First, a clarification. Yes, you need to be on the 40-man roster to be called up, and the Dodgers already have issues where that’s concerned, with four “dead” spots already. I say that because we’re not going to see Yasiel Puig (not ready), Alfredo Silverio (injured), or Jerry Sands & Rubby De La Rosa (in that weird “player to be named” trade stasis), yet they all take up spots on the 40-man. With the 40-man otherwise full and spots that will need to be cleared for Dee Gordon at the least and potentially Ted Lilly, Tony Gwynn, or Bobby Abreu as well, it’s incredibly unlikely that everyone’s favorite PCL Pitcher of the Year, John Ely, makes a return to Los Angeles this year.

Second, even though a team can in theory activate their entire 40-man roster if they choose, teams never do. The Dodgers usually call up between 5-7 additional players every year, and there’s little reason to think that will change. In fact, because of the unending run of injuries we’ve seen this year, we’re not likely to see many new faces at all. Of the entire 40-man roster, the only guys who have been healthy and with the organization all season who didn’t make it to Los Angeles at some point were Tim Federowicz, Matt Angle, & Chris Withrow. So these are mostly guys that we’ve seen already in 2012.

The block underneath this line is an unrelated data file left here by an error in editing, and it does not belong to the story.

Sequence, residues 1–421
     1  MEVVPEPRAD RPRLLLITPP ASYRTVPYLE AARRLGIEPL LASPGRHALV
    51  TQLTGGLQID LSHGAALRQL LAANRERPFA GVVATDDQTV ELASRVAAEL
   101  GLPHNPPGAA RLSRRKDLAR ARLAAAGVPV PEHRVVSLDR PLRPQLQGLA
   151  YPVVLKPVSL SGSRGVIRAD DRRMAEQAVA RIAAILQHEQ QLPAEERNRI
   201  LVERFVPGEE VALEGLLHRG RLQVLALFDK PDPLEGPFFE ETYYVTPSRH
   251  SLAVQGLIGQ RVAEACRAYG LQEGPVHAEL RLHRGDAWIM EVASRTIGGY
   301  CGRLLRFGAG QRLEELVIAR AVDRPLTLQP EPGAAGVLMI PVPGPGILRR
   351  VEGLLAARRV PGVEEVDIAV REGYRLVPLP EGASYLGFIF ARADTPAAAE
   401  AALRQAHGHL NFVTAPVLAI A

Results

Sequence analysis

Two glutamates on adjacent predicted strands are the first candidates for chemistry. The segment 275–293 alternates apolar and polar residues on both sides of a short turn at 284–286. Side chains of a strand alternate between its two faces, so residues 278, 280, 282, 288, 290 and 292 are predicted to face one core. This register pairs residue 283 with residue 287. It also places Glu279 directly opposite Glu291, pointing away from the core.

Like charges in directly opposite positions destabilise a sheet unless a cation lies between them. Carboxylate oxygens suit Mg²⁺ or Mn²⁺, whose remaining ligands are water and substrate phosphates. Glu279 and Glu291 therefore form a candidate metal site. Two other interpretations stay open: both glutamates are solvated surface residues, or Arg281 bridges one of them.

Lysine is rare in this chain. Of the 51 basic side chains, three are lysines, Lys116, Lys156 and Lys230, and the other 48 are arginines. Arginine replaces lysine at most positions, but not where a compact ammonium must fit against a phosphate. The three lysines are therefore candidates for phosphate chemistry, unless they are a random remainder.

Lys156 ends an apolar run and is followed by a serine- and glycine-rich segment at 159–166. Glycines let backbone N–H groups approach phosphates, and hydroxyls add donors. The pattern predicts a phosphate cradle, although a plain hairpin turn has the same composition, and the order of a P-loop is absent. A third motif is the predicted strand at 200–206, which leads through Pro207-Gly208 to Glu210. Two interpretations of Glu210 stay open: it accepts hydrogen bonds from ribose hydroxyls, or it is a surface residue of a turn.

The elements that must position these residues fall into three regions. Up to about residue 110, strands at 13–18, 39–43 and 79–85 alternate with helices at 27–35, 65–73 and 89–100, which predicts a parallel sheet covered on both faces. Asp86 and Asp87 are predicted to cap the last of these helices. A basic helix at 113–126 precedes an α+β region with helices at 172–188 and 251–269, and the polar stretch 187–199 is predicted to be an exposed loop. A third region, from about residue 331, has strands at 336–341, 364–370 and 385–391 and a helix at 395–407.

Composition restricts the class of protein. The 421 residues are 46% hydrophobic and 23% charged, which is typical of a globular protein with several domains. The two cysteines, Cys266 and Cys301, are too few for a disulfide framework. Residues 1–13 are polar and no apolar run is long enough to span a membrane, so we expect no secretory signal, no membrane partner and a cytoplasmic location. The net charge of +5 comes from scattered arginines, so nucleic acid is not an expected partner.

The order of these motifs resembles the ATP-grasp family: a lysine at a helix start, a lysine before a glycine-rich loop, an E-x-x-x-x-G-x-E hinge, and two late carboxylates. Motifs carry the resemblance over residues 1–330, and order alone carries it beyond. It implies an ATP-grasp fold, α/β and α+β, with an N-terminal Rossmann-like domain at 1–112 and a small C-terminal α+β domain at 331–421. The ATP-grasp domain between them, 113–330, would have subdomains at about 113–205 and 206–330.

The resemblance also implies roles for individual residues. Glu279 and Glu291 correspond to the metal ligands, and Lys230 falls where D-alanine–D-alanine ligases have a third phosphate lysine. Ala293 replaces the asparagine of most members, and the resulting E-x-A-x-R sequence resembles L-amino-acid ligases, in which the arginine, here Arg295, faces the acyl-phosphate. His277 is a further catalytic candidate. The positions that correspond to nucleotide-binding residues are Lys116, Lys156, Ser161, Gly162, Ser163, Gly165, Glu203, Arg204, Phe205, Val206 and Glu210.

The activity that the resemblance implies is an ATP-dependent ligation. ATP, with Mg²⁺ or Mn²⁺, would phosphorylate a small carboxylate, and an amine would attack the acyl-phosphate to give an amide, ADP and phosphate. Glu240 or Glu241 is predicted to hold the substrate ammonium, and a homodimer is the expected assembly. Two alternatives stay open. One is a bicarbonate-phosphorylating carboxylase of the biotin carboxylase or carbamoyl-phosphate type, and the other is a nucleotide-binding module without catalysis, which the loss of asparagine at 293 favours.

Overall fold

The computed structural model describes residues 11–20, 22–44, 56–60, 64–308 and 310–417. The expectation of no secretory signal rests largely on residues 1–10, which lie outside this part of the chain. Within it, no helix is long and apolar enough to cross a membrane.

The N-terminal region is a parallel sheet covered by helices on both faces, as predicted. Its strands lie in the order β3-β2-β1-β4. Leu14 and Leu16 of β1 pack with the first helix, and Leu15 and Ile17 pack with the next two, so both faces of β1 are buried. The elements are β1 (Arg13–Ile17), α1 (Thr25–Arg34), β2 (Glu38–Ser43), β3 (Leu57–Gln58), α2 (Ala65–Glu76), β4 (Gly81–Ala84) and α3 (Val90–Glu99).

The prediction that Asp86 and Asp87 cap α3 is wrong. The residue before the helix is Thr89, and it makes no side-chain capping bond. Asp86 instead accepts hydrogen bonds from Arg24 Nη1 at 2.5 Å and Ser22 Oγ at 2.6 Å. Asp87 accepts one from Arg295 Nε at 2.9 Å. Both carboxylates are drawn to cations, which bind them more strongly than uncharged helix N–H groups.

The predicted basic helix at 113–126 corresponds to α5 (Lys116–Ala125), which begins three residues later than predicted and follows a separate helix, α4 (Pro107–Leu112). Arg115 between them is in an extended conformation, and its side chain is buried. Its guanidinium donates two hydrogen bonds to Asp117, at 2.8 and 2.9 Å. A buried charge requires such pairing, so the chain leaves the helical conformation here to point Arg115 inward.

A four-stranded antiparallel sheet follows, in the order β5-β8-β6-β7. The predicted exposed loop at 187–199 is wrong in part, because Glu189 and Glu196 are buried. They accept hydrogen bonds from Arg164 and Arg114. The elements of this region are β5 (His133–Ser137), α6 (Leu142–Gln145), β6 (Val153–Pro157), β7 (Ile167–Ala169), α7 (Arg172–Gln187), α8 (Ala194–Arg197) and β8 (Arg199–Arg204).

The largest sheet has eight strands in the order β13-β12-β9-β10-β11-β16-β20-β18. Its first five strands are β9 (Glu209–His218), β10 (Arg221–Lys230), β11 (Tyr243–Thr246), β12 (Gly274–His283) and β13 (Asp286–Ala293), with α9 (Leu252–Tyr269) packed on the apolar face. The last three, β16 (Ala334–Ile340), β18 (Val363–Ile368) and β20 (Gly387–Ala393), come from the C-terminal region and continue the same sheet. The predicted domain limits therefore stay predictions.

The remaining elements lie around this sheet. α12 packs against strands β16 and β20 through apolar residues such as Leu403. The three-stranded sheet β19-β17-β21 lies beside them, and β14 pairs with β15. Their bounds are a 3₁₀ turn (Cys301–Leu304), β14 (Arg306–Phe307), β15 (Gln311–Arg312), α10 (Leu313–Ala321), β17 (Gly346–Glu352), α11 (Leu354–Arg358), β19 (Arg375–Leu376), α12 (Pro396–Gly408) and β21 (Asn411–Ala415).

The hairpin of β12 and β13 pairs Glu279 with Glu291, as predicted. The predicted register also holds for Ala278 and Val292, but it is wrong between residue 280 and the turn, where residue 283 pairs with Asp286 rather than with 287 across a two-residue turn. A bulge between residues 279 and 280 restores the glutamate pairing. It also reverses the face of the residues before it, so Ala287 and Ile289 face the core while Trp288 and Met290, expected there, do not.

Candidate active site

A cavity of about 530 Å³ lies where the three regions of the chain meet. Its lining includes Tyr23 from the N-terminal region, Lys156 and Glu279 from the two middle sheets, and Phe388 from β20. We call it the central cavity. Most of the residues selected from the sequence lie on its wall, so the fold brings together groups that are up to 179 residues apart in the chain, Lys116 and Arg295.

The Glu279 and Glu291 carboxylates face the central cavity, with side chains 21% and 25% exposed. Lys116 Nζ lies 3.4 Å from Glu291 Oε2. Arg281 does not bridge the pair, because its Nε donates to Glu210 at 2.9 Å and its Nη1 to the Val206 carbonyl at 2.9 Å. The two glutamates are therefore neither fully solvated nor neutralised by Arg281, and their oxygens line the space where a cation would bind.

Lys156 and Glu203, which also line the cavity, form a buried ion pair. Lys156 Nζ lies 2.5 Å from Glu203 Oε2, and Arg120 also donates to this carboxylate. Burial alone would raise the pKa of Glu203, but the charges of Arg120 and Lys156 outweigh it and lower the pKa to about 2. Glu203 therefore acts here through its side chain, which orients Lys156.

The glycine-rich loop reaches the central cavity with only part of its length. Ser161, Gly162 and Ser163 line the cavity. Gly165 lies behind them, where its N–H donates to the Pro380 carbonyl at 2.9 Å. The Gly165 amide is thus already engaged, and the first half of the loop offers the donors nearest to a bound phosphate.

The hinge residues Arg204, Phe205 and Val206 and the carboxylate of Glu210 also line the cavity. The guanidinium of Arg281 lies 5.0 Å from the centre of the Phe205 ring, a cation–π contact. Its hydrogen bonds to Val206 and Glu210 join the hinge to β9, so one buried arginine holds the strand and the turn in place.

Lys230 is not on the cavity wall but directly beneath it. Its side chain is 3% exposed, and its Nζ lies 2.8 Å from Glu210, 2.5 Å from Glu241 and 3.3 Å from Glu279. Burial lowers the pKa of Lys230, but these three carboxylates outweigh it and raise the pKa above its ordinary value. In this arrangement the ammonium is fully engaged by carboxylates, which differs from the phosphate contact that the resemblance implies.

The only exception to that is Federowicz, who we saw in 2011 anyway. He’s a given, because every team carries a third catcher in September, but it’s unlikely to happen immediately, since the Isotopes are currently in first place with their season ending on Monday. It doesn’t make for good organization relations for the parent club to ruin the playoff push of an affiliate unless it’s an emergency, so Federowicz and friends probably stay down for another week or so. Federowicz is having a good season in ABQ (though with the typical massive home/road OPS split of .984/.701) and is all but certain to join A.J. Ellis with the big club in 2013.

In addition, expect to see some righty power added in Alex Castellanos & Scott Van Slyke, who will mainly serve to make us groan when Nick Punto is used as a pinch-hitter instead or when they sit idly by while Andre Ethier flails at a low-and-away breaking ball from a lefty. Dee Gordon will add some speed off the bench, as will Elian Herrera, who can also provide positional flexibility, though I’d be shocked if he ever got another start.

On the pitching side, up-and-down Javy Guerra (who just allowed four runs in 1/3 of an inning to Triple-A Round Rock) and Josh Wall are almost certain adds, and probably Stephen Fife as well – but only as a long man out of the bullpen.

So there’s your eight potential call-ups: Federowicz, Van Slyke, Gordon, Castellanos, Herrera, Wall, Guerra, and Fife. That actually feels like one too many, so it wouldn’t surprise me if either Van Slyke or Herrera didn’t get the invitation after all, and – while I am unaware of any potential handshake deals struck when they agreed to go to Albuquerque – I just don’t see a role for Gwynn or Abreu right now.

The issue we haven’t yet solved is that by activating Gordon, the Dodgers would be one over on the 40-man roster. While it may tempting to fire up the “DFA Juan Uribe!” chant again, it’s not going to happen right now. You could DFA Angle, or promote & disable Silverio, but I have a feeling this is all going to work itself out – either Chad Billingsley or Scott Elbert or both is going to end up having arm surgery and miss the remainder of the year.

Now, can someone, anyone, please start to hit while the season still matters?